Young Soul Rebels: A Personal History of Northern Soul by Stuart Cosgrove, Polygot 2016
Northern Soul is timeless and somewhat mysterious. Try to think of another music scene that has continued virtually unchanged for roughly half a century. Not easy, is it? In the late sixties, young English people were dancing to obscure soul 45s in decaying industrial towns. They still are. The dancers have changed but the beat goes on.
Stuart Cosgrove is part of the inner circle. He came of age dancing in Wigan Casino circa 1975 and is thus perfectly placed to tell Northern Soul’s story. The scene was so insular that I suspect that it would be virtually impossible to write about it without a personal connection. Cosgrove, who now hosts a football program on the BBC, peppers this detailed history with his own memories.
This is his second book about music in the last twelve months. His Penderyn nominated Detroit 67 (reviewed on this blog) appeared late last year. That book was an ambitious historical sweep of late 60s America. Young Soul Rebels is more personal but his ability to meld economic change, music, and personal journeys is still on show.
So what is ‘Northern Soul’? This is tricky. Yes, it refers to the north of England but it also might allude to the provenance of many of the rare American soul records played in the dancehalls. There are great Northern Soul favourites from the American south but overall the aesthetic seems to be more Motown than Stax, more city than swamp. In any case, Northern Soul is a term originally used by London record stores in the mid 1960s. It was used to describe the incredibly obscure soul 45s that were so popular with DJs in Manchester and points north. These DJs were playing music for Mods who, as Pete Townsend has always made clear, did not listen to The Who. The original Mods listened to Jazz, Blues, RnB, and the early Jamaican pop sounds on Blue Beat records. This eclecticism soon gave way to an almost religious obsession with Motown and the thousands of little labels producing similar sounds in that period.
At some point in the late Sixties, the Mods divided into two factions. One group drifted into paisley shirts and faux pastoral lysergic afternoons in Hyde Park. The other group donned singlets and loose pants for heart murmuring nights of amphetamine cocktails and Northern Soul. Unlike the twisty yoga hand jive and starry eyed shuffle of the first group, Northern Soul dancing was acrobatically athletic. The clothes had to be loose enough to accommodate back flips, high kicks, and swallow dives. Many of the most famous male dancers were also involved in martial arts. As for female dancers, well, there was one young woman who turned a few heads with her moves at the Blackpool Mecca in the mid 70s. Her name was Jayne Torvill.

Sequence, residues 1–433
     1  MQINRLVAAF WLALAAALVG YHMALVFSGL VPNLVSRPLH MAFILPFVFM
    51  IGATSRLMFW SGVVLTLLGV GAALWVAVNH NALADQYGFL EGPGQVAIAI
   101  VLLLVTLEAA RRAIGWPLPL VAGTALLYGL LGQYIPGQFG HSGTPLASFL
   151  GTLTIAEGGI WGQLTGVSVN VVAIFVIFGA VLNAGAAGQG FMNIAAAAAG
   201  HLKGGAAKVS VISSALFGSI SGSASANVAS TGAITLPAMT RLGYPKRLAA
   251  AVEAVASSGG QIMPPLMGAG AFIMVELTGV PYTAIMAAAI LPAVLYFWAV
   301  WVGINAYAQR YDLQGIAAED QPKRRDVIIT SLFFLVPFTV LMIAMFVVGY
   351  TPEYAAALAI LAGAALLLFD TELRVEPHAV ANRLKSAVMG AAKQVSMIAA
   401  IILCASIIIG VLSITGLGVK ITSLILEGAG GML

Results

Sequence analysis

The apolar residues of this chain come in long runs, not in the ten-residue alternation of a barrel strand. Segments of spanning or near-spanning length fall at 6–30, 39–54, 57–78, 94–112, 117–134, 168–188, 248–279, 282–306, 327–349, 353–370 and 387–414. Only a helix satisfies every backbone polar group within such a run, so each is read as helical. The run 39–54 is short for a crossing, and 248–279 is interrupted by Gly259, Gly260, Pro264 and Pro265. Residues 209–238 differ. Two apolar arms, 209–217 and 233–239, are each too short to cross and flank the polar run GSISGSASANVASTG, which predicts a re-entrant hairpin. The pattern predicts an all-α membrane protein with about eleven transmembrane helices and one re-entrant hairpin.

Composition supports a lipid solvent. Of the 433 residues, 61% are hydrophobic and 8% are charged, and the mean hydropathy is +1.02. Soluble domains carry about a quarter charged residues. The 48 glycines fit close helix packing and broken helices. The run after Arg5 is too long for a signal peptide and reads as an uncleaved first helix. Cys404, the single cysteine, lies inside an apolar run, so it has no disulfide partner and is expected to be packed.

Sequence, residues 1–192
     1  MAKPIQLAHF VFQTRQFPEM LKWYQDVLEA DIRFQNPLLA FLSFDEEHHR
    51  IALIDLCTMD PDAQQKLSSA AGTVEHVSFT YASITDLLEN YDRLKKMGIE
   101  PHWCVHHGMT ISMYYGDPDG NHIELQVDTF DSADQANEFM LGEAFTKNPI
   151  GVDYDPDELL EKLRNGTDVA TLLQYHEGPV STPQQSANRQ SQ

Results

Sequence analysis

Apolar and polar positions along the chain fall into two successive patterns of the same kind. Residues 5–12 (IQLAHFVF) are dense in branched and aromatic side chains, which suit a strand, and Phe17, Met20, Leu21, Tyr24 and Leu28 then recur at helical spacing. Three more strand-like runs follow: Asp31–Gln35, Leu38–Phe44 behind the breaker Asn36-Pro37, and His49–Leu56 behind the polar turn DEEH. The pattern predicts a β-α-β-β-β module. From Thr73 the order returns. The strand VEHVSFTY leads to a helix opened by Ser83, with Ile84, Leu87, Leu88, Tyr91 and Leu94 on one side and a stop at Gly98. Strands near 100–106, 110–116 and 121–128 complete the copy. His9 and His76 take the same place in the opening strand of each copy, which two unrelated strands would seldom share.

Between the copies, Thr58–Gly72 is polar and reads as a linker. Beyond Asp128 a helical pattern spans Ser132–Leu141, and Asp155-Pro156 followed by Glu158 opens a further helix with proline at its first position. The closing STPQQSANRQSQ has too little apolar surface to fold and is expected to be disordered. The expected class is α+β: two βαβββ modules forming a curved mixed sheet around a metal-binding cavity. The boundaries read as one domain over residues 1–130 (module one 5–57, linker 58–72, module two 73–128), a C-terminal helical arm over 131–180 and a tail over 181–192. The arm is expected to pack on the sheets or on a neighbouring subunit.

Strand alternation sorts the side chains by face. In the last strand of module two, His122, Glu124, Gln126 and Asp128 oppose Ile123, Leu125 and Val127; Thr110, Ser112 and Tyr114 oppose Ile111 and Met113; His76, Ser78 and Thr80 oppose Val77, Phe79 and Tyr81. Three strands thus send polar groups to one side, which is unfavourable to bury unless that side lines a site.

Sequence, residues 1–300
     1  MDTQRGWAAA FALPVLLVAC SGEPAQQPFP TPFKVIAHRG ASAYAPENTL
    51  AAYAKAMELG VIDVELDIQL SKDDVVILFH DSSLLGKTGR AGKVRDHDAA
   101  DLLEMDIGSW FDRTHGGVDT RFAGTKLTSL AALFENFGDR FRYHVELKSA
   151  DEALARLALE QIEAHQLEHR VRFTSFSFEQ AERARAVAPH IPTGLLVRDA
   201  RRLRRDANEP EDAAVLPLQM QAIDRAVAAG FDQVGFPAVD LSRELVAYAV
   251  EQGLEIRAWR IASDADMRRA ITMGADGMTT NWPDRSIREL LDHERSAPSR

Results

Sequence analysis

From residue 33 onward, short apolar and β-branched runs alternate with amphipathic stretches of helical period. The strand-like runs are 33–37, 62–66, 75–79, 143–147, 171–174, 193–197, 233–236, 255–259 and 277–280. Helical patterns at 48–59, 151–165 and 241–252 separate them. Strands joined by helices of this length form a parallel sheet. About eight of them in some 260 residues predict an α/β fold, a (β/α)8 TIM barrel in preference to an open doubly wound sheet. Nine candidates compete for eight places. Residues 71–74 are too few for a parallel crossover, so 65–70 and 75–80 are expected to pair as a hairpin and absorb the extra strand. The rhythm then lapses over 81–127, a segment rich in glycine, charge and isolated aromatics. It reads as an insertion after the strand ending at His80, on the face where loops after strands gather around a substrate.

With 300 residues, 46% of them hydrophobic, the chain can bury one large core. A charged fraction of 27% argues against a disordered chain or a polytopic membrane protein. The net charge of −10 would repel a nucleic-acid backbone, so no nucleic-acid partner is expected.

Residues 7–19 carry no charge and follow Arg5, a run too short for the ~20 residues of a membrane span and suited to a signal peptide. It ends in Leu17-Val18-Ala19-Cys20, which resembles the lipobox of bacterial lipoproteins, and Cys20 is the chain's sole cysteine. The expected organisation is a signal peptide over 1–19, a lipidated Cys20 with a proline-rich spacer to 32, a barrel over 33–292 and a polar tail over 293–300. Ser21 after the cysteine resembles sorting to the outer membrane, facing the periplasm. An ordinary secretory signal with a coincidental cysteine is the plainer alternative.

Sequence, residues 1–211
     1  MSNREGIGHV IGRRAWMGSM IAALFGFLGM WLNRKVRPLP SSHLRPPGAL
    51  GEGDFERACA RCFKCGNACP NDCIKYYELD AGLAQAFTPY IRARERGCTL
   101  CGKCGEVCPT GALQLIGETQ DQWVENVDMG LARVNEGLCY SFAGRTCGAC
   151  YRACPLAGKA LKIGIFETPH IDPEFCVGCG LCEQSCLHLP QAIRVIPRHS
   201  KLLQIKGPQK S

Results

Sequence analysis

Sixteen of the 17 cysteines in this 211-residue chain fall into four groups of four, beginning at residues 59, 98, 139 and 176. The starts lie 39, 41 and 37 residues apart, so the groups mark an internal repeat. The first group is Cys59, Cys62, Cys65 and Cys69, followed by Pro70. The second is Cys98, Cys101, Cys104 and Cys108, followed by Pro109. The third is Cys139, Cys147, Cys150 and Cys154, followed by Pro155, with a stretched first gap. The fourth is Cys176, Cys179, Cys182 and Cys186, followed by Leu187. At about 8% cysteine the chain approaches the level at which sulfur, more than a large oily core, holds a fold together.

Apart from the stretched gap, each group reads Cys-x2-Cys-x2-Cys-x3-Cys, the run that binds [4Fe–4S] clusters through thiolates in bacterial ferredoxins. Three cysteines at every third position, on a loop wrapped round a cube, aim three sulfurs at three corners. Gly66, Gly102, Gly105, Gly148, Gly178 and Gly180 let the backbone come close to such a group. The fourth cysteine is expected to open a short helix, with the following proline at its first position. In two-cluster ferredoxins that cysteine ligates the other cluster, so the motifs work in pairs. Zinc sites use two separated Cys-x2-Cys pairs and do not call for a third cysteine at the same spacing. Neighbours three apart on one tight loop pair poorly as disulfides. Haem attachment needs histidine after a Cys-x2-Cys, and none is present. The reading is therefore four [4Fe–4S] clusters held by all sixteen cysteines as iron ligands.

Stuart Cosgrove covers the early years at Manchester’s Twisted Wheel nightclub, where the scene was born, but focuses on the most famous venue of all, Wigan Casino. He lovingly recreates the sights, sounds and olfactory sense of an evening there. The layout is important. It wasn’t just one big hall. There were smaller rooms where traditionalists could dance to early sixties sides without having to worry about the creeping funkiness of early 70s r’n’b. In other rooms there were pop up rare record markets where big money changed hands and discussions of music often grew heated. The main room, however, was where the seriously aerodynamic dancing took place and legendary DJs melted the floor with sides like Fred Hughes Baby Boy. Listen to it on YouTube and see if you can sit still. I dare you! At the end of the night which was actually the next morning, the DJ would play the ‘3 before 8’(am); Jimmy Radcliffe’s Long After Tonight Is All Over, Tobi Legend’s Time Will Pass You By and Dean Parrish’s I’m On My Way. The dancers would then make their way outside, blinking in the grey Sunday morning light and presumably heading for the nearest curry shop.
Wigan’s popularity inevitably caught the notice of the mainstream media, albeit briefly. In 1975, an episode of Top of the Pops featured a cringe inducing ‘Northern Soul’ dance segment with lousy music and ridiculous clothing. For a scene deeply invested in authenticity and integrity, it was traumatic. One Wigan dancer later described it as ‘our Vietnam flashback moment’.